As needs-based consumers, we generally go through some routine stages prior to purchase. It is really helpful to understand the concept of ‘the buyer’s journey’ when running a business involving the sale of a product or service.
We begin with the identification of a ‘need’: from something as simple as being invited to a BYO party (“I need to buy drinks to take with me”) to more complex purchases for your business (“I need to market my business better”).
We call this “the buyer’s journey” and simply put it’s the active research process a buyer goes through trying to solve a problem they have, leading up to a purchase. It is a model that helps businesses keep the buyer’s behaviour, information, needs and pain points central to any activity in sales and marketing divisions.
There are three stages of the buyer’s journey:
1) Awareness – The buyer is expressing symptoms of a problem. They don’t know the name of their it yet; but they are expressing symptoms of an underlying problem you can solve for them.
2) Consideration – The buyer puts a name to their symptoms, reviews options and selects a course of action to explore.
3) Decision – The buyer investigates products or suppliers that might help them solve the problem from the course of action they have chosen.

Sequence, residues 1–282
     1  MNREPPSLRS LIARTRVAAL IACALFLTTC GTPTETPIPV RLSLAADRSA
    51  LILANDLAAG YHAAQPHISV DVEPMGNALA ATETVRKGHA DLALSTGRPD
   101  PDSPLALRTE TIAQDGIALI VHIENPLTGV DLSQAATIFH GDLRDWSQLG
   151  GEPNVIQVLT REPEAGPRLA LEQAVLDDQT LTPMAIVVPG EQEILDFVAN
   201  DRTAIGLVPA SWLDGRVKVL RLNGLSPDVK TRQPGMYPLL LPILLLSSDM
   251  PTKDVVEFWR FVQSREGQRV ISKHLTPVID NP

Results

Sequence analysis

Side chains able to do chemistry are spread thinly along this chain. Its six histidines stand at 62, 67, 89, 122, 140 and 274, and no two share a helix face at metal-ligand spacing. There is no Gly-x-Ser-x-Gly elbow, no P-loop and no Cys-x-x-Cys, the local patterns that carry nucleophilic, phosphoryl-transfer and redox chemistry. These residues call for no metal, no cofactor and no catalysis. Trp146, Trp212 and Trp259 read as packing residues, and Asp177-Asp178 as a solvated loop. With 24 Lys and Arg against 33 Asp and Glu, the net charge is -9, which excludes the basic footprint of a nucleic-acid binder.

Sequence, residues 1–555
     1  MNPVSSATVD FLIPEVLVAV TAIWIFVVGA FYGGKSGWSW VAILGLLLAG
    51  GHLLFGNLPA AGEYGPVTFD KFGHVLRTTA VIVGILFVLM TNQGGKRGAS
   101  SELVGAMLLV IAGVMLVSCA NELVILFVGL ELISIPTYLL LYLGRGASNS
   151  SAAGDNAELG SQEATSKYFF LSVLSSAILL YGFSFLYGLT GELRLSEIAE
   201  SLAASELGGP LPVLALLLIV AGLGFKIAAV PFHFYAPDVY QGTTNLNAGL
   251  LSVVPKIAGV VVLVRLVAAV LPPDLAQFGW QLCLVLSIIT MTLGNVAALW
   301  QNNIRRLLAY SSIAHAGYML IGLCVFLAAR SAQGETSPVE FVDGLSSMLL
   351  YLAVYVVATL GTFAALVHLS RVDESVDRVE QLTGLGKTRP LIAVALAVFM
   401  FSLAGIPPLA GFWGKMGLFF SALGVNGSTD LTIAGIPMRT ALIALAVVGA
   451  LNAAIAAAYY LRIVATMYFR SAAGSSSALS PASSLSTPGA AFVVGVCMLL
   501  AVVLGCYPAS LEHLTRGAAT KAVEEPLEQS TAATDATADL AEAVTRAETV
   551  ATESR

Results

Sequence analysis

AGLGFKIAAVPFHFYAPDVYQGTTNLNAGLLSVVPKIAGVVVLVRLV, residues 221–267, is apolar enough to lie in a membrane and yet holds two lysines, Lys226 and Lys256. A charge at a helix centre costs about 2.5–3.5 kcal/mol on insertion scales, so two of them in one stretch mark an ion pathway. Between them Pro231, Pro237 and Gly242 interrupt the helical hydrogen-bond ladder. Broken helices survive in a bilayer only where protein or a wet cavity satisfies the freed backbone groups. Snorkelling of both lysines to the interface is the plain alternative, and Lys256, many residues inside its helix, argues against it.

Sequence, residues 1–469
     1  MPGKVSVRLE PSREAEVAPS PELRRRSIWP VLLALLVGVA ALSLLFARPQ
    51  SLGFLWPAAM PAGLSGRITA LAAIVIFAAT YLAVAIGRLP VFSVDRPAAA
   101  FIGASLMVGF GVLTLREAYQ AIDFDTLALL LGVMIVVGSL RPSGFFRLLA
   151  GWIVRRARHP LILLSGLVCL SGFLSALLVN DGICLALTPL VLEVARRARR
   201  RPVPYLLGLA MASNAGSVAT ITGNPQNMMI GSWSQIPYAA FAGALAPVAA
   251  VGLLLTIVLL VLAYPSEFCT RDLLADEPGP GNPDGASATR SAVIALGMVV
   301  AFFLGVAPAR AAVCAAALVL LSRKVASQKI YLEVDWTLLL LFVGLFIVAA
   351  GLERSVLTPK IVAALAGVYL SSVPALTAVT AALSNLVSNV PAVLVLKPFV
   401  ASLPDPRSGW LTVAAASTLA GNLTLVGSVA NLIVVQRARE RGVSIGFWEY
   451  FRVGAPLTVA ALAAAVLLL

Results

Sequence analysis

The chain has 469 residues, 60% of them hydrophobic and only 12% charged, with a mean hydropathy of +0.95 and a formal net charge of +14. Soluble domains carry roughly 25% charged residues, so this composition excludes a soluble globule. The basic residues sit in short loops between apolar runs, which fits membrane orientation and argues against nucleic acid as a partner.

We’ve all done it and we do it every day. Example 1:
1) Awareness (expressing symptoms of a problem): I have a sore throat and headache. I feel cold and lethargic.
2) Consideration (naming their symptoms and exploring options): I think I have a virus. I could go to the chemist for some medicine, I could go for some natural therapies, I could see a doctor, or I could head to the hospital. I can’t afford to be out of action for long; I’ll head to a doctor.
3) Decision (making a decision): There’s a local doctor in the City I could go to immediately who doesn’t bulk bill, or I could wait until I get home and go to the local medical clinic that bulk bills. Cost is a consideration; I’m going to the local doctor tonight.
1) Awareness: I have a new job and have to travel a long distance in the car. My car isn’t very economical; it costs me a fortune in petrol.
2) Consideration: I need a new way to get to and from work. I could use public transport, car-pooling or try a different car. Public transport increases my commute by an hour each way and no one is travelling the same way as me. I need a different car.
3) Decision: I like the running costs and look of the Suzuki Alto or the Holden Cruze Equipe, but I have other needs like safety. I’m getting a Holden Cruze Equipe as it best meets all my needs.
In the land of content marketing, one size rarely fits all. So once you’ve created your buyer personas, it’s time to go through your content mapping exercise. This process is the beginning of your content strategy, targeting content according to:
(a) the characteristics of the consumer (the Buyer Persona), and
(b) how close that person is to making a purchase (stages of the Buyer’s Journey).